Note that the specification devotes a figure and several paragraphs describing this system in terms of both hardware and functionality. That's helpful.  In actuality, the figure is for an "exchange system", and it is not immediately apparent that this is is the same "clearing system" in the claim, but I'll let that slide.  In any event, it has become increasingly clear to me that perhaps the best approach to satisfying Bilski is to give a specific name to a system or server, use it in the claim, and define it with text and figures in the spec. And, while a "fanciful" name is nice for trademarks, better to use something descriptive here ("registration server", "cattle information server", etc.)


Here's a claim that's not as good on the 101 front, from a company with recently planted Chicago roots:




U.S. Patent No. 7,519,445 Method and apparatus for determining a solution group of parts in an assembly


Assignee: Boeing Company

1. A method for determining a solution group of relevant parts among a plurality of parts in an assembly; said solution group being related with at least one target part of said plurality of parts; each respective part of said plurality of parts being identified by a respective part-containing volume and a respective locus; each said respective locus being identified with respect to a common origin; the method comprising the steps of:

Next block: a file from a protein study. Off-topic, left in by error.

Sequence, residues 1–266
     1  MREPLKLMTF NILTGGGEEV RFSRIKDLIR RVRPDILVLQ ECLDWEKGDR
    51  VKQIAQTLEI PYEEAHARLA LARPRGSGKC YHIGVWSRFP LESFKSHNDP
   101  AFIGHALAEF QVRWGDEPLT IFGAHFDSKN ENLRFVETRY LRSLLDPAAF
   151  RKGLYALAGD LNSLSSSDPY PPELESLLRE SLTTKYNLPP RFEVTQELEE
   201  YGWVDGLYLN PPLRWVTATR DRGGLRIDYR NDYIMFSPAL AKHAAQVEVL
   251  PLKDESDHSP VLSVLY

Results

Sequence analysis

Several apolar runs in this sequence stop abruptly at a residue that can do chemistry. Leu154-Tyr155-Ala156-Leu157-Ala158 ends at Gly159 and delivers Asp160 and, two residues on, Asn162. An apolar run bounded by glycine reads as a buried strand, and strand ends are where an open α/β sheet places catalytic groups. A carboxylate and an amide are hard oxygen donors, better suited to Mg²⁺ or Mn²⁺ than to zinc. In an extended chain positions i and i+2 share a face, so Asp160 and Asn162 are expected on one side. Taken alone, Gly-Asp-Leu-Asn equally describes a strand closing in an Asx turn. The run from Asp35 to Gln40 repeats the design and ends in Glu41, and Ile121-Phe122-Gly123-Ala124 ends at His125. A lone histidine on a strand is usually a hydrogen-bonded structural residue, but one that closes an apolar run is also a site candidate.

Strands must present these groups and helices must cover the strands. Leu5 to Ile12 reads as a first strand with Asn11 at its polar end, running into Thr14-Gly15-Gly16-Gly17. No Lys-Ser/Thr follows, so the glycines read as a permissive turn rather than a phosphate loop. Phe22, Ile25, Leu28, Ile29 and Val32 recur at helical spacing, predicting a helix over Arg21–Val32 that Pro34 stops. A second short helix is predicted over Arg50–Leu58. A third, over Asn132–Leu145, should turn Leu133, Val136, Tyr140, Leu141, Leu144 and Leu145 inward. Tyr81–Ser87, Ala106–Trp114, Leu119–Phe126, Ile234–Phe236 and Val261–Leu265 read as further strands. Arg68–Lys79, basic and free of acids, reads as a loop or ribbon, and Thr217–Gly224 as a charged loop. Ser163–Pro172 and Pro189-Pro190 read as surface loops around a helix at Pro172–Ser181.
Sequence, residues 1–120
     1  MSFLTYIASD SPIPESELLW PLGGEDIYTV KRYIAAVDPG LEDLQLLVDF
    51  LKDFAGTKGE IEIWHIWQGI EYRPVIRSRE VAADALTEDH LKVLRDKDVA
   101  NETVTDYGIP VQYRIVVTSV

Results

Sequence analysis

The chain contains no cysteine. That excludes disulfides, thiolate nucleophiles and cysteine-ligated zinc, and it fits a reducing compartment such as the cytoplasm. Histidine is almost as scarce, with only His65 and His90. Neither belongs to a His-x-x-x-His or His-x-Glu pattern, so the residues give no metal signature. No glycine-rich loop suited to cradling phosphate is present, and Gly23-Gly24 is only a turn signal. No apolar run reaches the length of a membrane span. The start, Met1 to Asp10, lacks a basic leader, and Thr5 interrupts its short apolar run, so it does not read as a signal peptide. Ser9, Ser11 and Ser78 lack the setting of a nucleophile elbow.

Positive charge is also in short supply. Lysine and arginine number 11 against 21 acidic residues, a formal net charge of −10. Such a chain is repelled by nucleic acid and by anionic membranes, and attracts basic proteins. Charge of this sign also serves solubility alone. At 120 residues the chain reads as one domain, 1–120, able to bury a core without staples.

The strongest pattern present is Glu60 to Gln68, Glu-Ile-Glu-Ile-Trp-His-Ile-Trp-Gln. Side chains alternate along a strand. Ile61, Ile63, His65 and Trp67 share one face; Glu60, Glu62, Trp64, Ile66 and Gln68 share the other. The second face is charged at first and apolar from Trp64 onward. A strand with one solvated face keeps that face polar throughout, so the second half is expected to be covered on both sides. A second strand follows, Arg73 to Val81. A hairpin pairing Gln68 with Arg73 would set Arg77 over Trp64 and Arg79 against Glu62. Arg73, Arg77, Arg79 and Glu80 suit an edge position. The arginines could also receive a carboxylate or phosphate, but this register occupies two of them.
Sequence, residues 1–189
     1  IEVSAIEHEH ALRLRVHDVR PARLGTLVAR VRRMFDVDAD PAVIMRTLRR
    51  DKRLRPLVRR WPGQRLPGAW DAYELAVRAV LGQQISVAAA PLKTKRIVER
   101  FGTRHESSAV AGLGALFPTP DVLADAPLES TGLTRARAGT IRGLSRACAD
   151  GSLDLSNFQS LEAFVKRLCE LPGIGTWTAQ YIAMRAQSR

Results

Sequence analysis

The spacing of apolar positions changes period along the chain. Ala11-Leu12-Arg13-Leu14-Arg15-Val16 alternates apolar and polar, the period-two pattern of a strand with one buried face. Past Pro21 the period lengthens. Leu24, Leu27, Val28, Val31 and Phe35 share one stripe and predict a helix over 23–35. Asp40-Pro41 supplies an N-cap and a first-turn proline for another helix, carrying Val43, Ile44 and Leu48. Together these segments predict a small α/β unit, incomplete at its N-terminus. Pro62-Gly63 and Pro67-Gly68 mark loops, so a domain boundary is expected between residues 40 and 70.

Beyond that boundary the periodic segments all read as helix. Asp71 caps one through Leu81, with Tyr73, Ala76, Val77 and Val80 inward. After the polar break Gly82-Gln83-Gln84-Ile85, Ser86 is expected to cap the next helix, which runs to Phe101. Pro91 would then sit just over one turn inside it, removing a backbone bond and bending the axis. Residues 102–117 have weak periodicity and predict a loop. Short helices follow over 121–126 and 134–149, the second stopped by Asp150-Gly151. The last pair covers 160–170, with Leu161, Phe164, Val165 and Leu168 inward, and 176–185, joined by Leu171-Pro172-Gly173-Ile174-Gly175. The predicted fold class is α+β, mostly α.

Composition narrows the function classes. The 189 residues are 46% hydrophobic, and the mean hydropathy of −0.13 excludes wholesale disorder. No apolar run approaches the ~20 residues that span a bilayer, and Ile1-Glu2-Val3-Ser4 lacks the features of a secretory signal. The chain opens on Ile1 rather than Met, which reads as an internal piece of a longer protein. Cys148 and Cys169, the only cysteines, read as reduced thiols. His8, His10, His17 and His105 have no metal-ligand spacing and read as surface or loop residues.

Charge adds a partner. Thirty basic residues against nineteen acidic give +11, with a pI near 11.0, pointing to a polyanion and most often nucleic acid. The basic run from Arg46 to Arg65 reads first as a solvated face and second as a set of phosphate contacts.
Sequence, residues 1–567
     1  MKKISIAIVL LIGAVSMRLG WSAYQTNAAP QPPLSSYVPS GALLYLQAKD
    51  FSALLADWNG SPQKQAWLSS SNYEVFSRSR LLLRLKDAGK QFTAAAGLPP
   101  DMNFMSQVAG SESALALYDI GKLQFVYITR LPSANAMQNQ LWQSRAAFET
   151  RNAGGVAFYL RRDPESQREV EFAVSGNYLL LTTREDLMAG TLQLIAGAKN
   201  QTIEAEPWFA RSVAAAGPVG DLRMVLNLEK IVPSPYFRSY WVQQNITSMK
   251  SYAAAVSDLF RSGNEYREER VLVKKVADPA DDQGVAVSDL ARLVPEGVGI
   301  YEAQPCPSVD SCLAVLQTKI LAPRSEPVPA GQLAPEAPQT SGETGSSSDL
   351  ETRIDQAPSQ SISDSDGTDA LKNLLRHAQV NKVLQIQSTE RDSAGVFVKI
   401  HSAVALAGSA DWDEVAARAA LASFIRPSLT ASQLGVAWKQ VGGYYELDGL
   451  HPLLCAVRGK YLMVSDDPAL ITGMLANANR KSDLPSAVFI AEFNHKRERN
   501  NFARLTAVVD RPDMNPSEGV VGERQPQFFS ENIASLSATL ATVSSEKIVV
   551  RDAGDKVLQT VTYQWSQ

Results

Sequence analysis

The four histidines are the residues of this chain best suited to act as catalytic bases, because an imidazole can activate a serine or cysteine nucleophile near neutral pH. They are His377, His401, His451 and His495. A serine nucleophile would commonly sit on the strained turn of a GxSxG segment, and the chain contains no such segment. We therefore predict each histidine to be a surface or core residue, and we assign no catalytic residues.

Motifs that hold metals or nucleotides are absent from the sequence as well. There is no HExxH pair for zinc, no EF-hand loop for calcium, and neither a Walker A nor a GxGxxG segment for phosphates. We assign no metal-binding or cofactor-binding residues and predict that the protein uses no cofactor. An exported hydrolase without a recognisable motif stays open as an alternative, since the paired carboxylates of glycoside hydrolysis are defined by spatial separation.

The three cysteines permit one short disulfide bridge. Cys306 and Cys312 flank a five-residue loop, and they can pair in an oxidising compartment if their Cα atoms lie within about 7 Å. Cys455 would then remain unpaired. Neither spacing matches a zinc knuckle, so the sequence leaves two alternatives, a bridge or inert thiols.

(a) identifying said respective part-containing volume of each respective said at least one target part; 

(b) including each said respective part-containing volume of each respective said at least one target part as part of a target-containing volume for said at least one target part; 

(c) identifying each respective part-containing volume for each said relevant part; each said relevant part being identified by a respective part-containing volume having a predetermined relationship with respect to said target-containing volume; and 

(d) assigning said relevant part to said solution group.